In Florida, an average of 42.7 per every 100,000 people are victims of an accidental fatality, a number that is constantly on the rise. Florida specifically created a Wrongful Death Act to protect the loved ones of those that who are killed due to another person’s negligence.
When is a Wrongful Death Claim applicable?
Florida Statutes §768.18 states that when a person’s death “is caused by the wrongful act, negligence, default, or breach of contract” of another person or some other entity, the estate of the deceased person may bring a civil lawsuit in Florida’s courts, seeking a legal remedy for that death and the losses stemming from it.
Am I eligible to sue for damages in a wrongful death claim?
Florida Statute §768.20 law requires the personal representative of the deceased person’s estate to file the wrongful death claim. The personal representative may be named in the deceased person’s will or estate plan. If there is no will or estate plan, the personal representative will be appointed by the court.
I’m not the personal representative of my deceased loved one’s estate, am I still entitled to recover for damages?
Although the wrongful death claim is filed by the personal representative, it is filed on behalf of the deceased person’s estate and any surviving family members. In the wrongful death claim, the personal representative must list every survivor who has an interest in the case.
Family members who may recover damages in a Florida wrongful death case include: the deceased person’s spouse, children, and parents, and any blood relative or adoptive sibling who is “partly or wholly dependent on the decedent for support or services.”
If a child is born to unmarried parents, the child can recover damages in a wrongful death case if his or her mother dies. If the child’s father dies, however, the child can only recover damages if the father had formally recognized the child as his own and was obligated to contribute to the support of the child.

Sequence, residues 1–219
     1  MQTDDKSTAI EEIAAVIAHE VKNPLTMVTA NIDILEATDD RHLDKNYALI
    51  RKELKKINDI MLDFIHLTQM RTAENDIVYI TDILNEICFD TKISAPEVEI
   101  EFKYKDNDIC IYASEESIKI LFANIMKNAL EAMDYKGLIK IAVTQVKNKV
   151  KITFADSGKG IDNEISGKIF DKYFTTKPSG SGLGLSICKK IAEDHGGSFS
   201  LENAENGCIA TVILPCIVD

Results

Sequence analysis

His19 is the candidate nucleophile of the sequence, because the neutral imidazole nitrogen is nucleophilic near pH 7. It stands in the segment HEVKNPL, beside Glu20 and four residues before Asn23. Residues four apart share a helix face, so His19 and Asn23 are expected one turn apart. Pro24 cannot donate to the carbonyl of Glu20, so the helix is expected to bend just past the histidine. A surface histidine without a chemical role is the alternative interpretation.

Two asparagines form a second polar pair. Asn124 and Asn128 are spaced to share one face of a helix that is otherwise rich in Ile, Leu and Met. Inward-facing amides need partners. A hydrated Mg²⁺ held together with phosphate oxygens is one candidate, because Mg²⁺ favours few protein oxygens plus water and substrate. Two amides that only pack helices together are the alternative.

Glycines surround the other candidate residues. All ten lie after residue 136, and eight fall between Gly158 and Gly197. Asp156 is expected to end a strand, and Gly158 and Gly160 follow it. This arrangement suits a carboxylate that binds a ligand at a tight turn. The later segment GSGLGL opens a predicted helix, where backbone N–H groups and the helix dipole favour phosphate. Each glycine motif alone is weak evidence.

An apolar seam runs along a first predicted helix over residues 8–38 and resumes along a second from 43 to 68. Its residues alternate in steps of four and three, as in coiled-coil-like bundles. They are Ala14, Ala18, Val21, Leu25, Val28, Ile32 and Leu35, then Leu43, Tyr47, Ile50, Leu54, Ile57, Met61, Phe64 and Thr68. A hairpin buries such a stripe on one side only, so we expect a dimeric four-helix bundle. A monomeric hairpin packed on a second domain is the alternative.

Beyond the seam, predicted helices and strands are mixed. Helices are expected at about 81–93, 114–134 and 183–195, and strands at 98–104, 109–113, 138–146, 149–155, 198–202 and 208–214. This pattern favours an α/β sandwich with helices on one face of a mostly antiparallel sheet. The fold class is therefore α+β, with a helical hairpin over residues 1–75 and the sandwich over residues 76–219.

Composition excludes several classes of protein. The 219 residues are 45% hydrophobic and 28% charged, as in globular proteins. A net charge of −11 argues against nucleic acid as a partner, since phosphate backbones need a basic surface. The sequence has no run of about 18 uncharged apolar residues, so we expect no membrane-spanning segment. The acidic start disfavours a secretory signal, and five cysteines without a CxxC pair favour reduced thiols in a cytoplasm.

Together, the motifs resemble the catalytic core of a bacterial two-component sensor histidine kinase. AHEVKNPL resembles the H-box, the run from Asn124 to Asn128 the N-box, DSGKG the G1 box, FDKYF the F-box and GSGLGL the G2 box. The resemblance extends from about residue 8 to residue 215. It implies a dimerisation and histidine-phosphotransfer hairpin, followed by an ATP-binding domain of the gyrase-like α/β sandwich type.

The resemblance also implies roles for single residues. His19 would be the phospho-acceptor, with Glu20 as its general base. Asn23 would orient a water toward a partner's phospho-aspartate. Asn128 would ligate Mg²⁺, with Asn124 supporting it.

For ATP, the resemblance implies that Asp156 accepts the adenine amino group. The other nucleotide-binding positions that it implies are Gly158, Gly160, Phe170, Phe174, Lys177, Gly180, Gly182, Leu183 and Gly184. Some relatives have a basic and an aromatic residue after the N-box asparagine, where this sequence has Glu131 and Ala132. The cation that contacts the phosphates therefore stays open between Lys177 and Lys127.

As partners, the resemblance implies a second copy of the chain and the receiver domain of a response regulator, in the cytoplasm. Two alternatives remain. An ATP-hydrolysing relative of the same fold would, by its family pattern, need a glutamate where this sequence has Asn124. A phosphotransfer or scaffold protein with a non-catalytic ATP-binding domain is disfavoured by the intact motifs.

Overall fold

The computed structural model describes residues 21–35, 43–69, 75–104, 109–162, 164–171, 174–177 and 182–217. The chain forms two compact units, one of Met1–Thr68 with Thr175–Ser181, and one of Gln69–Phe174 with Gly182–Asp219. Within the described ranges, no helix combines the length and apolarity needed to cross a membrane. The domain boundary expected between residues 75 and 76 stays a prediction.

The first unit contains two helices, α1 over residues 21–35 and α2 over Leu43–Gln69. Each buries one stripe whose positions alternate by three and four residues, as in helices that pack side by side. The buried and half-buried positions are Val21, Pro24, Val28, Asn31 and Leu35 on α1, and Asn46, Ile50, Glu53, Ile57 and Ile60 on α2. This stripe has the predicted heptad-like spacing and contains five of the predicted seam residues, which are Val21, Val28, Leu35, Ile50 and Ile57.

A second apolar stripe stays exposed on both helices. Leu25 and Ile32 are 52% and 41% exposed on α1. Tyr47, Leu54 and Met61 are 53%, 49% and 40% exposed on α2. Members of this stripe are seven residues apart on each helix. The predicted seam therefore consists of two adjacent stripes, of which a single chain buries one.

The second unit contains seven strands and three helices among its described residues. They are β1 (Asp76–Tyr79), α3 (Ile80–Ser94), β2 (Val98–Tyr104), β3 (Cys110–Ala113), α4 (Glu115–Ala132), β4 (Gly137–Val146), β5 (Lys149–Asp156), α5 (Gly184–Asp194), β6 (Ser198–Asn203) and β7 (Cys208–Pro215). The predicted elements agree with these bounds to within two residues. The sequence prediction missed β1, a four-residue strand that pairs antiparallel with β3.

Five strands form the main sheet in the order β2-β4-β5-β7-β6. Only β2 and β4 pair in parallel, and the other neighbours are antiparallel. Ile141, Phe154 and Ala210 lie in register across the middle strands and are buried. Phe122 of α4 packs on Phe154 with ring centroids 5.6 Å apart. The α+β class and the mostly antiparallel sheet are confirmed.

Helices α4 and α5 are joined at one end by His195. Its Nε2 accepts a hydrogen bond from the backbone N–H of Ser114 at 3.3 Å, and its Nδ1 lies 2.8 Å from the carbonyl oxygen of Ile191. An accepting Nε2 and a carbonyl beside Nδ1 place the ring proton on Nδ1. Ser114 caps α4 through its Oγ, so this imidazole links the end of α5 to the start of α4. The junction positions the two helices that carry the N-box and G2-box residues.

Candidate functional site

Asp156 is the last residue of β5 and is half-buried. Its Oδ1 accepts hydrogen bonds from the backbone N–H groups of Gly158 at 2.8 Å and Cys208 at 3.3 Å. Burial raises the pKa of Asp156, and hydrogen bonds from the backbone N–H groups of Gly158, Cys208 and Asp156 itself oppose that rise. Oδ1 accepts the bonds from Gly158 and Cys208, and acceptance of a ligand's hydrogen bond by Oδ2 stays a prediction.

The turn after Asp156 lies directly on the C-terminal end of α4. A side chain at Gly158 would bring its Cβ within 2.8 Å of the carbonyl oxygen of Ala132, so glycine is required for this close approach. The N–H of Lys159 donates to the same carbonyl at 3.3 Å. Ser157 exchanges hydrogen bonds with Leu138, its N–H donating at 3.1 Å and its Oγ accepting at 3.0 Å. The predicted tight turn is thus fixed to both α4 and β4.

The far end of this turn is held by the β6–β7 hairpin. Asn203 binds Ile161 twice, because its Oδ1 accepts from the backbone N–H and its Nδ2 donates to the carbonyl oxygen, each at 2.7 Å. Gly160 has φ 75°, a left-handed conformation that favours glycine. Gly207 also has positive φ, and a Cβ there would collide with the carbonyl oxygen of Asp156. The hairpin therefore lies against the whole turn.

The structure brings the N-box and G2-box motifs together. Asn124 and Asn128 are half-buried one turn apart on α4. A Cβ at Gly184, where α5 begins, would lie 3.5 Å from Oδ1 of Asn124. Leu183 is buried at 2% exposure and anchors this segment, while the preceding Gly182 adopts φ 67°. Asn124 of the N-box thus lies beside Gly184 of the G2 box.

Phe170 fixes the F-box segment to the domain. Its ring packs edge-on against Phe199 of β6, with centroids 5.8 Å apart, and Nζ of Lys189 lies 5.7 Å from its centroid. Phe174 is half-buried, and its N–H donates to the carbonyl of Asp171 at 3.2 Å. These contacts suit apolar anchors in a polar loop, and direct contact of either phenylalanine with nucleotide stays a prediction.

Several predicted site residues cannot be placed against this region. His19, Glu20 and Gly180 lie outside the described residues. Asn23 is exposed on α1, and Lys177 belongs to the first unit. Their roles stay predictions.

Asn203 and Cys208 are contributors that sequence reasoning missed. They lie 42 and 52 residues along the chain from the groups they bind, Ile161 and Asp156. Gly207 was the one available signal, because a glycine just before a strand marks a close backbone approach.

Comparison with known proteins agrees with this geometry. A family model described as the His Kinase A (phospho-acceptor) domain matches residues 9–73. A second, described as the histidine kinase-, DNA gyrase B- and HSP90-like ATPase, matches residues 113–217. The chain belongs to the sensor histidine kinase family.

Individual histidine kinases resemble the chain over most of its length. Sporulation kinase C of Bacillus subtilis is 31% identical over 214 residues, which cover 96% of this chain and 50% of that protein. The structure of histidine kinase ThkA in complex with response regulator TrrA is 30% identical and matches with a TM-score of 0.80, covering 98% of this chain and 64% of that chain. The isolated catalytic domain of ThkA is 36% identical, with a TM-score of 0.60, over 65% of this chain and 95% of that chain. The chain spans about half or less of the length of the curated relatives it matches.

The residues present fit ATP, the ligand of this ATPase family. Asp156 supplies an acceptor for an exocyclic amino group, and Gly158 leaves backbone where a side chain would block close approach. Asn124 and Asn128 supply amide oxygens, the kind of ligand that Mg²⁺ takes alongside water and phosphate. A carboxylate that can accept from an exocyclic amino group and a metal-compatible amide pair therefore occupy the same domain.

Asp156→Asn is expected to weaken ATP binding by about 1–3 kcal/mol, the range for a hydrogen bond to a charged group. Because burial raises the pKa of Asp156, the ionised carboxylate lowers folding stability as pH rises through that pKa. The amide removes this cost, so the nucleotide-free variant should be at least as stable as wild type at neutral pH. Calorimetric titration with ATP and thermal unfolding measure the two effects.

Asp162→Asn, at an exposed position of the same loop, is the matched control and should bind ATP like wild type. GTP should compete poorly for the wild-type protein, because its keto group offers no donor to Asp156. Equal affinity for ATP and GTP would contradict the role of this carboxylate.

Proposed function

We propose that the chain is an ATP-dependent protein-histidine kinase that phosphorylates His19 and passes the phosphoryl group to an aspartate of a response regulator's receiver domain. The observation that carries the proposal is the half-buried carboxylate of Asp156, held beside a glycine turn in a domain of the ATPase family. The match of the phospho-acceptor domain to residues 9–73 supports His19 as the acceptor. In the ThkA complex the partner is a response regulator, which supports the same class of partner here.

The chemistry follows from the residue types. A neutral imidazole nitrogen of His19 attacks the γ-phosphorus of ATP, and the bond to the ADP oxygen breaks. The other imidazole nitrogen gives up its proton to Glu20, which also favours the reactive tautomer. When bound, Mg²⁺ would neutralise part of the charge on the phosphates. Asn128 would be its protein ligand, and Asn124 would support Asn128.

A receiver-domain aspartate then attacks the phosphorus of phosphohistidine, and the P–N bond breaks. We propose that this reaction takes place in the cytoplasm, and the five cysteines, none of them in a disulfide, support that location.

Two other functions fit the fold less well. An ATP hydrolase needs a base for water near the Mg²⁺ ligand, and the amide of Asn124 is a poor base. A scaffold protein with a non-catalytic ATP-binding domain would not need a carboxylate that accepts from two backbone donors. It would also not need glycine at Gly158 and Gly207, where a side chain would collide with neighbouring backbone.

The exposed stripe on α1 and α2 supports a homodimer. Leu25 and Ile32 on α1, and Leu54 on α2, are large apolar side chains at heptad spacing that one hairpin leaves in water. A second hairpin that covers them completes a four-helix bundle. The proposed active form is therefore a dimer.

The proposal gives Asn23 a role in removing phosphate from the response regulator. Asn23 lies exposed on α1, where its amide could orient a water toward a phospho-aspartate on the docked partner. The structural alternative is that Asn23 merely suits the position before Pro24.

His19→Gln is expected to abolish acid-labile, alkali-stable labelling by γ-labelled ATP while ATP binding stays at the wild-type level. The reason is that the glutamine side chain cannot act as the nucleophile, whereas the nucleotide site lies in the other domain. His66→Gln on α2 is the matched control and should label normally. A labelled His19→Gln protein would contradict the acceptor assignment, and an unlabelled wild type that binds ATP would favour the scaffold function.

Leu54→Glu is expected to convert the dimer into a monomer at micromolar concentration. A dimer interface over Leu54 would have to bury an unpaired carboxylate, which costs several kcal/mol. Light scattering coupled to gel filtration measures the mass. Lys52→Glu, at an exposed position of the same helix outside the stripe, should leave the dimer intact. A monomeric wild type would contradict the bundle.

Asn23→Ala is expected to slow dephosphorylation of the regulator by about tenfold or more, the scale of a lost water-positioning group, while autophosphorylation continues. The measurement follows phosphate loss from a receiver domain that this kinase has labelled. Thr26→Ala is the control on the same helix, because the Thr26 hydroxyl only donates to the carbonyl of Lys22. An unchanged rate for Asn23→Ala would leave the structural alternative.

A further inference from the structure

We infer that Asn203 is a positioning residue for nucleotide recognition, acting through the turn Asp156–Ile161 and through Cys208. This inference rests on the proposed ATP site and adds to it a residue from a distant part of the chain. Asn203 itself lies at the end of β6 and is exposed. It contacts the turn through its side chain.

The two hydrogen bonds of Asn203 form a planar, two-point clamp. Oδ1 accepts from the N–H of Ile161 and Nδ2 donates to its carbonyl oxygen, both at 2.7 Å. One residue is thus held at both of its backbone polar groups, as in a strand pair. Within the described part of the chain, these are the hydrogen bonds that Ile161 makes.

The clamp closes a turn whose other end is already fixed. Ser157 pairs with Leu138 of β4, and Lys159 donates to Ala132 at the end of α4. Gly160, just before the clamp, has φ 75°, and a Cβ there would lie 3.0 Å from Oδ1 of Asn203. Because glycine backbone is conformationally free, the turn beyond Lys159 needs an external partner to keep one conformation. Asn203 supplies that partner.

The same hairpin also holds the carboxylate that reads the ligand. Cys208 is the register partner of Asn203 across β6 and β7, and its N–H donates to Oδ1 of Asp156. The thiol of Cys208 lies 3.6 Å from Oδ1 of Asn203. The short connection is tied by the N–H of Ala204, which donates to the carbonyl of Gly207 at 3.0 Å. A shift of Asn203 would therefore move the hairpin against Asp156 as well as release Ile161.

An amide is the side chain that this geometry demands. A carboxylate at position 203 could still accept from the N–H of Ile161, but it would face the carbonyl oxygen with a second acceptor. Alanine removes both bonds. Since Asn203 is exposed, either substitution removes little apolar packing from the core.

How much time do I have to file a wrongful death lawsuit?
The general rule is that a lawsuit must be filed within two years of the date of the misconduct that caused the death of the victim.
Under Florida Law, for what damages am I entitled to recover?
Under the Act, there are seven key things allowed:
- The living spouse can recover damages – including pain and suffering as well as the loss of companionship for losing a spouse.
- A living spouse can also recover the value of any lost services and loss of economic support – especially if the deceased was the primary income earner or the head of the household.
- Other blood relatives that depended on the deceased can also collect compensation for the loss of those services and financial support. That means that children and adopted children can receive compensation.
- Living children under the age of 25 are also allowed to collect intangible damages for mental anguish, pain and suffering, and loss of parental companionship.
- If the deceased was employed at the time of their death, the income and assets that they would have accumulated during their lifetime (had they not passed) is eligible for compensation under the Act. Therefore, the surviving family members can collect damages for those lost accumulations on behalf of the estate.
- The estate can recover costs for medical bills that were a direct result of the responsible party’s negligence.
- The estate or family can recover any costs for funeral and/or burial expenses that were the result of the deceased’s passing.
Who can help me with my wrongful death claim?
We can! If you or someone you know has lost a loved one due to the fault of another, call the Friedland Law Group today! The attorneys at the Friedland Law Group have extensive experience and knowledge in the field of personal injury and wrongful death, allowing them to work well with clients and opponents alike to get the compensation you deserve for accidents and injuries.
The South Florida personal injury attorneys at the Friedland Law Group handle all types of negligence, product liability, personal injury, negligent security, slip/trip and fall, and car accident cases throughout the state of Florida, including Boca Raton, Homestead, North Miami, South Miami, Miami Beach, Coral Gables, Pembroke Pines, Hialeah, Kendall, Aventura, Fort Lauderdale, and Palm Beach. The Friedland Law Group handles all types of personal injury cases, including wrongful death, defective products, medical malpractice, slip and falls, negligent and reckless drivers, and automobile and motorcycle accidents. Call the Miami personal injury attorneys today and let our family take care of your family.